DMZ

In 2010, I took a Diplomacy class and learned about the Demilitarized Zone, the Kaesong Industrial Complex, and all things North and South Korea for the first time. This class changed my life. It inspired me to move to South Korea and now, five years after taking the course, I’ve visited the DMZ and the Joint Security Area (JSA) in person.

 photo DMZ 1_zpse1gubx4k.jpg

We booked our tour through KORIDOOR about a month before our trip at 96,000KRW/ USD$92. On the day of, we left our hostel with everything we had. Our plan was to stuff our things in a locker at a train station but we couldn’t find a free one and ended up just keeping things on the KORIDOOR bus. Maybe a little less secure, but it worked out just fine.

Most South Koreans have no interest in their border with North Korea. A few even asked my friend why she wanted to go; it was mystifying for them. After spending so much time in Korean-dominated spaces, the KORIDOOR office was unsettling with the amount of foreigners in it. Everyone on the tour was a foreigner, though I did see some Korean student tour groups and Korean soldiers taking in the sights.

In my head, I imagined it would take at least an hour to get to the DMZ. It took 30 minutes.

First, we were taken to the Dora Observatory where we got our first glimpse of North Korea.

 photo DMZ 2_zpsorrcatug.jpg

It was a cold, clear day, with wildly vivid blue skies and equally vivid yellow and brown fields. I’ll always think of the border that way. The lack of clouds meant you could see pretty far into North Korea. You could see mountains and the jamming tower North Korea used to keep South Korean airwaves out.

We were then taken on a tour of the Third Tunnel. First, they showed us a short film on the tunnels North Korea dug under the DMZ to invade South Korea. South Korea has discovered four, though it’s perfectly possible there are more.

We put on our yellow hard hats and went down a steep passage to reach the Third Tunnel. There was a small mineral spring you could drink from at the bottom. Then there was the tunnel itself. It was narrow, low, and hard to breathe in: my six foot tall friend had to take it at a bow. I managed to get away with just tilting my head in a few areas. The tunnel was made with dynamite and the South Koreans had painted the marks yellow so that everyone could see them.

The Third Tunnel was some pretty hard work. My friends bought snacks at the souvenir shop, including the chocolate-covered soybeans the area is famous for.

We ate lunch then visited Dorasan Station. It’s meant to be connected to the train system in Seoul and perhaps someday to Pyongyang.

 photo DMZ 3_zpsbhzzs0yr.jpg

(Promisingly, they tell you the distance to each capital.)

Finally, we were ready to visit the JSA. This was the point where the US Army took over the tour and the rest of us got very quiet. They gave us a presentation on the history of the JSA (including all the crazy stuff like the Axe Murder Incident). They told us when we could and could not take pictures then took us on a strictly controlled tour of the area.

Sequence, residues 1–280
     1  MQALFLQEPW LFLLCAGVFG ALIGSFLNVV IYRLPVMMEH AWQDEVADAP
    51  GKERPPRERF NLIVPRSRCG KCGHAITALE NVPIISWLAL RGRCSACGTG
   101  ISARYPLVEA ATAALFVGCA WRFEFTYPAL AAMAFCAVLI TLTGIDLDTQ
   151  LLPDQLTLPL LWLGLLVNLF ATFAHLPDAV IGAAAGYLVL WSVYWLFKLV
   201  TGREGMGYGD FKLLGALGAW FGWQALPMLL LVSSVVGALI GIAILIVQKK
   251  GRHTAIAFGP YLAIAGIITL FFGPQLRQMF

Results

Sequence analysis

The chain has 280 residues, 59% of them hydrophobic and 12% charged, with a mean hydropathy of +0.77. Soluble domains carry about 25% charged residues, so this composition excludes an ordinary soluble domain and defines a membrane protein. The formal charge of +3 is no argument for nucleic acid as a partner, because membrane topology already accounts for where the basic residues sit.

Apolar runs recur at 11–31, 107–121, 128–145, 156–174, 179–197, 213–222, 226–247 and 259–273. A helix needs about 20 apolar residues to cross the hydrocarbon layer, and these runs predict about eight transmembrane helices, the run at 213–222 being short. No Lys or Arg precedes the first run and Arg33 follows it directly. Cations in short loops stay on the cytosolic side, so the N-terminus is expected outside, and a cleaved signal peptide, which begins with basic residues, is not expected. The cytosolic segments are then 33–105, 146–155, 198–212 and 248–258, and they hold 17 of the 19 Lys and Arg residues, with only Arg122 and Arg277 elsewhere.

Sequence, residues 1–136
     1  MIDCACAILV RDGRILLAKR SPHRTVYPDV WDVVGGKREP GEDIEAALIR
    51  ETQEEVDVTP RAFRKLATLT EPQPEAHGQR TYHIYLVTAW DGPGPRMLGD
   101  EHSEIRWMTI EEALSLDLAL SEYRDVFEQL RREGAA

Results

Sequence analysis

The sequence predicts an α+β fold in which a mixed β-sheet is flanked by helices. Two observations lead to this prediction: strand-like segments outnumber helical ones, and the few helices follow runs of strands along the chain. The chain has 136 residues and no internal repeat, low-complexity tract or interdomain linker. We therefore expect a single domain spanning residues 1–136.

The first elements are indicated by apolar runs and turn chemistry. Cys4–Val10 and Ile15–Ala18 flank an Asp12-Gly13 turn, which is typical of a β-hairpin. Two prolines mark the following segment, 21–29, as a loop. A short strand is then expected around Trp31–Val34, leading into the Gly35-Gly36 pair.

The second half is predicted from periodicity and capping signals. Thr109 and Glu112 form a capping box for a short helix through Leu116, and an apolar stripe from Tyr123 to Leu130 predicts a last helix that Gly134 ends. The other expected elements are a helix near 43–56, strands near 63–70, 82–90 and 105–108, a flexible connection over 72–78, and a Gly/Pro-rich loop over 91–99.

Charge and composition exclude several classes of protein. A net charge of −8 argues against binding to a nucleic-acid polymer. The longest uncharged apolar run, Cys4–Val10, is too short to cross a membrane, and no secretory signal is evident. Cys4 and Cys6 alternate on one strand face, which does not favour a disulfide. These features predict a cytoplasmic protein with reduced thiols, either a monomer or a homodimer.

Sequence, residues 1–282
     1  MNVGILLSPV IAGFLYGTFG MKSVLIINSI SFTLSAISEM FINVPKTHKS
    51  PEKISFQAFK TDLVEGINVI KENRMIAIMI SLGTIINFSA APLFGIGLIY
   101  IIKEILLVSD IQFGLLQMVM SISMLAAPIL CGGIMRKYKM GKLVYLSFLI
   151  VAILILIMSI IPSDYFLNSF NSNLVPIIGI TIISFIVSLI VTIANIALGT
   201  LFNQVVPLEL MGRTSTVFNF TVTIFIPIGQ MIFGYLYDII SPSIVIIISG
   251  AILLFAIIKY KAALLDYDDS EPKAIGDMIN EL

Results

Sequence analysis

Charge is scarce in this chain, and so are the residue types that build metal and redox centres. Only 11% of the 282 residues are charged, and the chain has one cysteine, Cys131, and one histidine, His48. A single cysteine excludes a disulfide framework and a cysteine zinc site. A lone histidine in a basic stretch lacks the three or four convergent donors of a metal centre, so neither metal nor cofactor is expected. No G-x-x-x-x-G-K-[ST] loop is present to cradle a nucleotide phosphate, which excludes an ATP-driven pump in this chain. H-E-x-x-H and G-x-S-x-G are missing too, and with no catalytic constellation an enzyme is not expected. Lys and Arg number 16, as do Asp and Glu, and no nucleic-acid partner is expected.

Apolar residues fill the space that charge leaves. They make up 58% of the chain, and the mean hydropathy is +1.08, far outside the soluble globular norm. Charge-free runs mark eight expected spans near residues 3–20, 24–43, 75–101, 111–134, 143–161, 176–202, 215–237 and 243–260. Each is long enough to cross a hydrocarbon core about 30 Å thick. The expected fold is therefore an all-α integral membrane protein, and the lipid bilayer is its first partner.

We took pictures of the demarcation line where you could see the lone North Korean soldier standing near their building. We were present for a shift change so briefly, we saw two North Korean soldiers. The US Army calls both of them “Bob.” On the South Korean side is a fairly strong presence of 헌병 or military police who stand in modified taekwondo stance the entire time to look intimidating to the North. I felt so bad for them; knowing more about the Korean military now, it’s crazy to think that they are about my age or younger.

 photo DMZ 4_zpsoqdojzur.jpg

(Squint and see two Bobs!)

 photo DMZ207_zpskmrqzmc8.jpg(A picture of 헌병/military police from the North Korean side of the table)

There were two more military policemen standing inside the conference building as well. In the conference building, if you walk around the table, you are considered to have been to North Korea. (So that’s 3 out of 10 countries this year for me!)

They took us to see the Bridge of No Return and a few other spots, always strict about the picture taking. The US Army tour guide seemed to find it amusing that we were so quiet. But we had just passed our fingertips through an ongoing war, why would we share the jokes we were making on the down low with Mr. Serious-not-fun-Pants?

We went back to another souvenir shop and ate ice cream. (I know it’s the middle of winter but it felt like a good idea. Tasted good too.) Then we took the short ride back to Seoul and it was over.

After five years of looking forward to this moment, it was over. I don’t know where this leaves me and my relationship with North Korea. I’d still like to make my contribution to peace on the Korean peninsula, though I’m feeling less sure about doing it as a negotiator.

It’s such a funny feeling to have a dream die… because you accomplished it. This past year has felt like that quite often, like my life is getting cleared out to make room for other dreams, bigger dreams that I was afraid to chase before.

After we traveled to the northernmost post of South Korea, we flew to the southernmost point of South Korea– and that’s the next post.

Thanks Robby and Fran for coming with me on my dream trip to North Korea!

[This post was originally published on February 5, 2015. It has been backdated for the sake of tidier, chronological organization.]

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